9 Awesome Activities to Help You Focus on Your Teen
It is important to focus on your teen especially because we live in such a superficial and materialistic world.
I think about the situation with Kate Spade and her loss of life due to suicide. It makes you realize there is more to life than a designer purse.
Perhaps we have lost our focus. Our world tends to value things more than people. Here is one of Kate Spade’s quotes, “I adore pretty things and witty words.” Unfortunately, pretty things and witty words didn’t help her feel life was worth living.
Raising a Strong Daughter
I am back to focusing on my teen. More importantly, I am going to concentrate on raising a strong daughter. I want her to know all the money, clothes, purses, and fame cannot make a person happy. If that were the case, we would have many more happy Americans.
Instead, we have a lot of depressed Americans. America has one of the highest rates of depression. Our teens are included in this statistic. Social media is to blame for a lot of this depression. Here is an infographic on The State of Mental Health in America (2018).
Our teens constantly compare their things with each other and post them on Instagram/Snapchat, etc. Other teens look at social media for a while and get depressed. They are upset they don’t have those things or weren’t invited to a certain party.
There has got to be more to life than posting your purse, clothes, shoes, car, or who you are with on social media. I’d be depressed, too, if this were all I looked at during the day.
Where Is Your Focus?
Is your focus on your teen’s character? Or is it focused on the accumulation of stuff, popularity, and position? I had to ask this question to myself often when my kids were growing up.
We are so concerned about them having the right purse, outfit, car, and status. Maybe we have lost focus on them as a person and their character. Who are our children becoming?
Are they more concerned with the external than the internal? Are WE more concerned with external than internal? Take time to honestly asses your child’s character. Ask yourself where they are emotionally, mentally, and spiritually.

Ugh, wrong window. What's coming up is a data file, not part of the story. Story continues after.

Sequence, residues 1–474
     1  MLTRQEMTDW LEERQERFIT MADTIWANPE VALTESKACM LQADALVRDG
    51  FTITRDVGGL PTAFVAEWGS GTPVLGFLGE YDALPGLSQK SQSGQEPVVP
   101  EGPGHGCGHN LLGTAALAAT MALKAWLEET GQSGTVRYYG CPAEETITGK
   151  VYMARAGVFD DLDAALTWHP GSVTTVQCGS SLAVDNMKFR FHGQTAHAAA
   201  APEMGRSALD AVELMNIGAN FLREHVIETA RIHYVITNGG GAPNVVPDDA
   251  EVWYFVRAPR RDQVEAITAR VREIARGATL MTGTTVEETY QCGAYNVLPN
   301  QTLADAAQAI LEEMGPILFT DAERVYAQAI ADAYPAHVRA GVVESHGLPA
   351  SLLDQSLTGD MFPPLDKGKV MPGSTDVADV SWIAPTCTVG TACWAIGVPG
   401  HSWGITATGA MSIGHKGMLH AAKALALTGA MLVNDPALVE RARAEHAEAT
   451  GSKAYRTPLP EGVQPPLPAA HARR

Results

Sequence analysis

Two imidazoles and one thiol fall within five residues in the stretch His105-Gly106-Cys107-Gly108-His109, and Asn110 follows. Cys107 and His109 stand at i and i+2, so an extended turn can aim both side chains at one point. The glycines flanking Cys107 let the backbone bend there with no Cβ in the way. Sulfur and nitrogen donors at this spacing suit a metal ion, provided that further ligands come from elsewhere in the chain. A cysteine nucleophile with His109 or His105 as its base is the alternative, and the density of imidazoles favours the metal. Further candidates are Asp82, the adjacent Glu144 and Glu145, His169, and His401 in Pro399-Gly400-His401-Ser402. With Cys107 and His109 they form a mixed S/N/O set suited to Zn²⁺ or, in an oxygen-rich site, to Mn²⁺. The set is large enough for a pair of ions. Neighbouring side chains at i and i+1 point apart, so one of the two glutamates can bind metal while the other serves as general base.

9 Ways to Focus On Your Teen (or Younger Child) This Year:
1. Devotional at Meal Time
Read a devotion every day that focuses on character. Ask a few questions at the end so you can get feedback. Use this time to focus on the story and the choices that were made-good or bad.
2. Bible/Prayer Quiet Time
Focus on your teen or young children by creating a quiet time during the day or before bed. Have them do Bible/prayer reading. I used this scale as an idea for their spiritual time: Age=time. If your child is 15 years old, encourage a 15 minute Bible/prayer time.
Find a place to volunteer together. Most schools require a certain amount of volunteer hours. Use the summer or holidays to do it together. You will have something to talk about as a family. There will be bonding over what you saw together, and how you made a difference.
4. Mission trip
For years we did a family mission trip in the summer. Both of my kids say this was the best thing we did as parents. It was life-changing for our whole family. If you can’t go, send your kids on a trip.
5. Teachable moments
Take time to talk about things like suicide, #metoo, or whatever is important to your family. Talk through all the aspects of it, and let your kids wrestle through the issues. You don’t have to have all the answers.
6. Character quality
Focus on your teen or young children by picking a character quality each week. Your kids can help pick it out so they have ownership of the choices. Weave that character quality into discussions all week long.
Have the kids work around the house or do a lemonade stand. Teach tithe and offerings with their earned money. Or have them help an older neighbor for free.
8. Pray together
Pray together every day at meals and at night. Your kids are not too old to pray with them. I prayed on the phone with my 19-year old the other night.
Pick someone outside the family to pray for such as a missionary or friend. Someone that your teen/child cares about.
9. Eat together
I can’t tell you how important it is to eat with your family most days. Turn off the TV and talk to each other. You will find out a lot just by listening. Give time for each person in the family to talk.
It is a non-threatening environment that gives you a clear window into your teen or child’s heart. I suggest there never be any real punishment given while at the table. It will muddy your time with the family.
I pray you will make time to focus on your teen or young children so they realize there is more to life than a designer purse or the next best piece of sport’s equipment. Put your time in things that are eternal instead.
What fun activities would you recommend to do with your teen?
Do You Have Family Problems? There is Help!
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Creating Family Memories Book
Get Creating Family Memories. This book will help you manage your family in a way that allows more time to be intentional with your kids. It includes a schedule too. You can get it at your favorite bookstore.
Join Christian Family Living Facebook Group
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